Paula Varjack is an enigmatic performer. She has the energy, making her performance art accessible as it is fun without pretention. This is an incredible feat considering this show is about high-end fashion and Varjack has no shame in admitting she is a slave to it.
The problem is, like many of us, Varjack doesn’t really have the money for high-end fashion, supplementing her fascination, developed as a child surrounded by her Chanel No 5 Ghanian grandmother, with internet knock offs and premium fashion/high street collaborations.
When the recession hit people weren’t necessary wearing only premium clothing. They would throw in some high-middle high street like Top Shop with their Prada or Gucci and celebrities began collaborating with the high street; Beyonce and Ivy Park at Topshop (until allegations about Philip Green came out) for example but the biggest collaborations so H&M (which I consider low end because I can afford it along with Primark) began working with high end designers like Balmain, which created middle of the night queues usually reserved for the launch of a new iphone and chaos once people were in the store.
When Kenzo came on board to work with H&M in 2016 Varjack found herself queuing in the middle of the night at Westfield along with a motley crew of fashionistas and potential eBay sellers. In the Cult of K*nzo Varjack takes us on a humorous journey of her life in fashion, comparing it to getting into the hottest nightclubs as well as her ability to laugh, and allow us to join her, at how ridiculous the industry is.
I liked this for several reasons, this is ultimately about identity. Not just the sense of identity fashion brings but the identities it excludes with reminders that Naomi Campbell only got her first beauty campaign at 48 in 2018 and Oprah Winfrey facing discrimination because sales assistants didn’t believe she could afford it. Varjack implies she faces this discrimination as a woman of colour (born to Ghanian mother and British father in USA), dealing with sales assistants with confidence before leaving stores and googling how much those dresses cost. It is also about her identity, why she is drawn to these labels when cannot afford them and mocks the industry and also about the identity of Kenzo Takada facing discrimination as a time when men couldn’t be designers in Japan, moving to France and struggling to find work and eventually setting up this high end label based on what his friends were wearing in 1970 aided by Jack Severn’s beautiful narration. It shows a real respect for the man behind the label.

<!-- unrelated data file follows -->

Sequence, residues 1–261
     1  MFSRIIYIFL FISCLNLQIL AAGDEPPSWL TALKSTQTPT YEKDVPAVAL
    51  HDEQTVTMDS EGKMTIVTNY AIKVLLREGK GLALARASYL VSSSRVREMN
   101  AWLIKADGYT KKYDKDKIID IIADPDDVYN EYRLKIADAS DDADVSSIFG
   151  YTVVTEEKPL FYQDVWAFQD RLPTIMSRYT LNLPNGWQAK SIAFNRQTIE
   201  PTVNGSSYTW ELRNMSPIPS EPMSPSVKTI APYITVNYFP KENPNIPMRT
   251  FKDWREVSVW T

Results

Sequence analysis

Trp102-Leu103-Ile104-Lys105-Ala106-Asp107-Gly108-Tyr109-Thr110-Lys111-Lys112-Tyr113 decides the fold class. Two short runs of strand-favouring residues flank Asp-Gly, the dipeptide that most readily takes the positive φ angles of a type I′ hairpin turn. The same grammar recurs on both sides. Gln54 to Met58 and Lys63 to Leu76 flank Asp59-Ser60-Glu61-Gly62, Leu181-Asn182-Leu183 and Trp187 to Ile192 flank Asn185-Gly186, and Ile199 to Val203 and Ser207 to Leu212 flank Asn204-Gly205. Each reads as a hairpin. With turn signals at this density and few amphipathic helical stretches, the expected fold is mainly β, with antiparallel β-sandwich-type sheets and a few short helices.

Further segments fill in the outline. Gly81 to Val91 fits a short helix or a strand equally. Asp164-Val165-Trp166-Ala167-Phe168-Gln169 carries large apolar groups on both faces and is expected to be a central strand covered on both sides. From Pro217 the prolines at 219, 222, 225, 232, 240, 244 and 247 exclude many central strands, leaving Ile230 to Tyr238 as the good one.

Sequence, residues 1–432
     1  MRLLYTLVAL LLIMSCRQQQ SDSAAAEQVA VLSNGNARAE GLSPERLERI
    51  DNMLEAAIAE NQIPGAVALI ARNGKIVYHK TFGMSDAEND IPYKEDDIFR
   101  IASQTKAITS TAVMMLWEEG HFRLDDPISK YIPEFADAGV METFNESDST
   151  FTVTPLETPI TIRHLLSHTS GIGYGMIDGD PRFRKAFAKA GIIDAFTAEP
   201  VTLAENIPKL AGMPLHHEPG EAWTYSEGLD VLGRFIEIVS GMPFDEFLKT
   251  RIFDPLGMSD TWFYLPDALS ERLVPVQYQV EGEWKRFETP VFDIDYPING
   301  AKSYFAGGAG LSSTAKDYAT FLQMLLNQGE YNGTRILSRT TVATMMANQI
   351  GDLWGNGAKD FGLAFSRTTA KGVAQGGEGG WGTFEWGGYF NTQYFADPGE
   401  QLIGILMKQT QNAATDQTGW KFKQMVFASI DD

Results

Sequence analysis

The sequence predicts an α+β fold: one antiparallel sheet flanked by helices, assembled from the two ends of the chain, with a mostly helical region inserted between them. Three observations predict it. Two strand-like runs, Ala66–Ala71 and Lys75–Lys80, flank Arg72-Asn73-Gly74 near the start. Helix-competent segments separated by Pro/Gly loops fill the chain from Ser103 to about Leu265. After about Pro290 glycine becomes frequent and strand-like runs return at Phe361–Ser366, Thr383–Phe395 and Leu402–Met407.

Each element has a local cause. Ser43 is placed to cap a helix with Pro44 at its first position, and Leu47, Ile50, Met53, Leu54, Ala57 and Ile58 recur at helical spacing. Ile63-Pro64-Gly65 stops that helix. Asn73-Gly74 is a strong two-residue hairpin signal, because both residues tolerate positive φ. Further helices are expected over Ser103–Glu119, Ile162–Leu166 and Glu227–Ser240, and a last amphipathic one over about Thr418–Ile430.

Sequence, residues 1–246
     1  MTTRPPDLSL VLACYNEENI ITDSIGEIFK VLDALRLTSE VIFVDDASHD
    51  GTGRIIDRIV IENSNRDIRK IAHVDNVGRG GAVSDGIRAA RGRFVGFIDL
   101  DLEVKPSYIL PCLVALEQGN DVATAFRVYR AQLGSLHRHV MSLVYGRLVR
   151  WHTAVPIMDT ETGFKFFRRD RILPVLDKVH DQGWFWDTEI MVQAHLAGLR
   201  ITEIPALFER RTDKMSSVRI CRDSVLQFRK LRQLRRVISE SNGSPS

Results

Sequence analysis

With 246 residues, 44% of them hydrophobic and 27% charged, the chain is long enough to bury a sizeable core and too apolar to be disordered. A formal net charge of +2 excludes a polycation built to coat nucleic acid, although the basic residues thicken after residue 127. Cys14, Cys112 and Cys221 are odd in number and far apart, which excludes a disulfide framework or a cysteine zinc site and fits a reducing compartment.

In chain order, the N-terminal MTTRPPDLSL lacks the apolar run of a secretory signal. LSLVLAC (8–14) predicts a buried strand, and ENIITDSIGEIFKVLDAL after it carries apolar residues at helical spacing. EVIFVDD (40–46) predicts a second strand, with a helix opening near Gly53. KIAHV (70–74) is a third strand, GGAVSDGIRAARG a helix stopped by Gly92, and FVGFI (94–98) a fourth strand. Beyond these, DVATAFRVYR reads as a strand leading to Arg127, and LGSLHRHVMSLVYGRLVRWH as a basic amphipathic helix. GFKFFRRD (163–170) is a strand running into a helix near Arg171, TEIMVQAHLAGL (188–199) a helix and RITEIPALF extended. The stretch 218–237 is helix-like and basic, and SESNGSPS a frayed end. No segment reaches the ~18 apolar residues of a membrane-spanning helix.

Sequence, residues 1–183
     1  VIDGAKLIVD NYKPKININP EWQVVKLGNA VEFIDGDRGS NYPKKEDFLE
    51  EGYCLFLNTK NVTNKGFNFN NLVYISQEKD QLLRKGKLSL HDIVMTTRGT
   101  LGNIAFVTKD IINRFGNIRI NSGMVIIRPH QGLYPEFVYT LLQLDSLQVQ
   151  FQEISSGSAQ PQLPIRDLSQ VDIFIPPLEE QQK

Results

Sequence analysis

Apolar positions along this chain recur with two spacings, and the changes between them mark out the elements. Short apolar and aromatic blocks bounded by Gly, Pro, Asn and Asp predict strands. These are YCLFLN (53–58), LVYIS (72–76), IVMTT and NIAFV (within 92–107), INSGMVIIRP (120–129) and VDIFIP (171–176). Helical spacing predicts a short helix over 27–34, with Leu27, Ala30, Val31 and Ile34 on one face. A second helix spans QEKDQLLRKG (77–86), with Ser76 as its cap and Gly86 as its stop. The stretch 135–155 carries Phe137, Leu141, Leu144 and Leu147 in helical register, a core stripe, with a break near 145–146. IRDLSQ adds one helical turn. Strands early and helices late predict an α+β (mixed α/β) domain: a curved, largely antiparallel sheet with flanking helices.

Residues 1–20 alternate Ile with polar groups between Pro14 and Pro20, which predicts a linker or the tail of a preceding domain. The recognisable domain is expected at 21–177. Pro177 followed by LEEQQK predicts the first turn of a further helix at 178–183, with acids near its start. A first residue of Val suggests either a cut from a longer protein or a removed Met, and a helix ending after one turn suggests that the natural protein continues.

This is a fun piece of work, whether you love to shop or find fashion baffling (I didn’t know who Kenzo was) and Paula Varjack is one to watch; an interesting performer who has shared her love of fashion with us in a intelligent and funny way.
The Cult of K*nzo was on at the Croydonites Festival on 2 May https://www.croydonites.com/paula-varjack.html
The tour continues into the autumn across the UK